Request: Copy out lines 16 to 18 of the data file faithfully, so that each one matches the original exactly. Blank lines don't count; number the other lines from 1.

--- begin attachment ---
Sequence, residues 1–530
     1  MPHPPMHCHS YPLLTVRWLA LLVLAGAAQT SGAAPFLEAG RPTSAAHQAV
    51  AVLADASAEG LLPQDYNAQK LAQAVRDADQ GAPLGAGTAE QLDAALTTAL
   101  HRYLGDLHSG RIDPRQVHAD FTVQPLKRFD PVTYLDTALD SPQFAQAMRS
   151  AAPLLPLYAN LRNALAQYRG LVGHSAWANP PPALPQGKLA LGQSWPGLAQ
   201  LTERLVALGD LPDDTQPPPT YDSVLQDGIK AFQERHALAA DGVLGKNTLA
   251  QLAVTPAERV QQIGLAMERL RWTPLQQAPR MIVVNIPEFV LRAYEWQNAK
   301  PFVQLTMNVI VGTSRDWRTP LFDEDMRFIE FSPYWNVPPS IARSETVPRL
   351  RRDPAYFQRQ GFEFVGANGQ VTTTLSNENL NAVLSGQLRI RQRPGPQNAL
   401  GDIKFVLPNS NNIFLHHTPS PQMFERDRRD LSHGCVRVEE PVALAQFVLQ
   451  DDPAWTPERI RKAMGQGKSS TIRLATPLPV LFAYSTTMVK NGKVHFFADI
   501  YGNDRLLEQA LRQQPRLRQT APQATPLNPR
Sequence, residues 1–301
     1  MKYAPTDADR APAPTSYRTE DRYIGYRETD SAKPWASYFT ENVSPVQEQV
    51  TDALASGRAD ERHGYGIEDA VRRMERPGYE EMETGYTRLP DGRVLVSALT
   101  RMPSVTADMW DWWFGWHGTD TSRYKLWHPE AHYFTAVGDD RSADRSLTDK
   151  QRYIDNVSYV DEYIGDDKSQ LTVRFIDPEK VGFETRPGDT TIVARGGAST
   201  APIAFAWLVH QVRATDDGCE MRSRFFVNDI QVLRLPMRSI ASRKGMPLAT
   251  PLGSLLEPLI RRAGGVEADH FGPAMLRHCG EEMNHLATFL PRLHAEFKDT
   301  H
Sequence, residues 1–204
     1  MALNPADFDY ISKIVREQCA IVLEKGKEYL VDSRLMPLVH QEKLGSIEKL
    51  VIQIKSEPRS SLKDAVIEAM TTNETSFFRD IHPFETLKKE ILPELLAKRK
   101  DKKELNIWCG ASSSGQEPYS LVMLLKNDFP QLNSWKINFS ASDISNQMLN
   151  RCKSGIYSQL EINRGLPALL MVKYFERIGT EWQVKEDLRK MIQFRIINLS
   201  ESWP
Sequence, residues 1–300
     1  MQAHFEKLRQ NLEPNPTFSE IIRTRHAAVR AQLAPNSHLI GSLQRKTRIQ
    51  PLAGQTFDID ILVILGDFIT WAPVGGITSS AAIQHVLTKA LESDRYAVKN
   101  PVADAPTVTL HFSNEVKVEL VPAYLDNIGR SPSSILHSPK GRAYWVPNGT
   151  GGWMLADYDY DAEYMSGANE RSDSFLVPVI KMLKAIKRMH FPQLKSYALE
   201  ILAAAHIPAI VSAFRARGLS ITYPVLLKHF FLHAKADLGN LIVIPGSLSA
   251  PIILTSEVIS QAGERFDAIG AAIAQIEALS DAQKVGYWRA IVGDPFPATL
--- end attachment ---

   101  RMPSVTADMW DWWFGWHGTD TSRYKLWHPE AHYFTAVGDD RSADRSLTDK
   151  QRYIDNVSYV DEYIGDDKSQ LTVRFIDPEK VGFETRPGDT TIVARGGAST
   201  APIAFAWLVH QVRATDDGCE MRSRFFVNDI QVLRLPMRSI ASRKGMPLAT